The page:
Monday, December 26, 2005

Wolf Hybrids Don't Make Good Pets

Wolf-dogs have a reputation of being difficult to housebreak, and can range in size from a petite 35 pounds to a hefty 130 pounds. Because they are extraordinarily strong, an uneducated wolf-dog owner may realize too late that they are in over their heads.

What gets the wolf-dogs the most negative attention is attacks on children, which Leshick said is a natural reaction to a negative action by a child.

Wolf-dogs, when they are in a home, view their family as a pack and treat the children as their own puppies, Leshick said. And what wolves may do to a misbehaving puppy -- a nip on the nose -- can have tragic consequences for a child.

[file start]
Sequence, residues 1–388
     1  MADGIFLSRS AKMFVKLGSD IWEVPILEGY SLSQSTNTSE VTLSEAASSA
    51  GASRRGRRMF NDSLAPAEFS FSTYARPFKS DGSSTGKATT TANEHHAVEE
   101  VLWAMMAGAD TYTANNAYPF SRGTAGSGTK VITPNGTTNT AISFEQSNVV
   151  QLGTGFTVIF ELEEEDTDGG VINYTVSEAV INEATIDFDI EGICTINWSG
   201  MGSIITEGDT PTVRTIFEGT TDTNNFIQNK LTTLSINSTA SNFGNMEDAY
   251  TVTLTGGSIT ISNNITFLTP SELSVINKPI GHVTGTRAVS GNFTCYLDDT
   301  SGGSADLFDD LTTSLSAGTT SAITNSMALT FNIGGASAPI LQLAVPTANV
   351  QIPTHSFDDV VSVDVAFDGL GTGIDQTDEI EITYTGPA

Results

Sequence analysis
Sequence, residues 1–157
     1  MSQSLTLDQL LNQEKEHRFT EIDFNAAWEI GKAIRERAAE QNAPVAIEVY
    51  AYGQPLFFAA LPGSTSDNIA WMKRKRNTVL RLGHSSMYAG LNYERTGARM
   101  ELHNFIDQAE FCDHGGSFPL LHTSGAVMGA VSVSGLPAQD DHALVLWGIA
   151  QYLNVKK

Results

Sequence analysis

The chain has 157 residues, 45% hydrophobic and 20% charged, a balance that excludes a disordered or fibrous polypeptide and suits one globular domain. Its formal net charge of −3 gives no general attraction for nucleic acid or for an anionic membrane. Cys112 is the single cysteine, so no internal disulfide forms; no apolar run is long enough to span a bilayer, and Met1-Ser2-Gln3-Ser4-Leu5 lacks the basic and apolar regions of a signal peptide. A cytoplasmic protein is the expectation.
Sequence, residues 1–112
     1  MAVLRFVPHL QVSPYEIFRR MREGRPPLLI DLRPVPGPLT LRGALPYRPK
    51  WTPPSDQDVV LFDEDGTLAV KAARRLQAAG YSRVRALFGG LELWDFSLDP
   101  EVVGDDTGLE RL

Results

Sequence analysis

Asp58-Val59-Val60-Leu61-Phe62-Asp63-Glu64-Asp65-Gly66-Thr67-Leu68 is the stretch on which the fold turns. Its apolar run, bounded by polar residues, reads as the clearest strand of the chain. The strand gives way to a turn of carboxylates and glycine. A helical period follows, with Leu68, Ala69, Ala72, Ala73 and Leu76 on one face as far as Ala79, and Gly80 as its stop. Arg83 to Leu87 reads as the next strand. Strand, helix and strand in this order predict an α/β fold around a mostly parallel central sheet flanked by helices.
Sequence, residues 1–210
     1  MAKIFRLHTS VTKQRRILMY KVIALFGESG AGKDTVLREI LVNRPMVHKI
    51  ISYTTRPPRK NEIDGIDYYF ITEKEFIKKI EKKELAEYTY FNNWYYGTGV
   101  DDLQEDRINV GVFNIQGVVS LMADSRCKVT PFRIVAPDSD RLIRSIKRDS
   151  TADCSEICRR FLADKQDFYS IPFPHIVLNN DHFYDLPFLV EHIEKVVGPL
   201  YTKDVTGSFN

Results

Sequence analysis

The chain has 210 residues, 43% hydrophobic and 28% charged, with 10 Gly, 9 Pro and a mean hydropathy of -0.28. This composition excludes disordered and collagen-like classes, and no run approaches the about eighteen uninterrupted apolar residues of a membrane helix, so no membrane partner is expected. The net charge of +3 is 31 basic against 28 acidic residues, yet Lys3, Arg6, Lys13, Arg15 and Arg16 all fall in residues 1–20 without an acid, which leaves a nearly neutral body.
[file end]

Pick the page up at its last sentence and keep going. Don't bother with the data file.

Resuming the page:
"It's not the breed for everyone," Noetzel said. "Some of the hybrids I've seen are downright frightening, very wolfy. But they are wild animals."

This article is worth reading in its entirety.

I really don’t think it is a good idea to adopt wild animals as pets. Yes, there are some exceptions, since we can “tame” some animals like birds, and reasonably care for some animals such as lizards. However, many wild animals, and their hybrids, aren’t suitable as pets. Some can be downright dangerous.

There are plenty of good, domesticated animals that make fine pets. Dogs were domesticated thousands of years ago, and most of the rough edges have been smoothed off. Wolves, and wolf hybrids, are too wild for the typical home.

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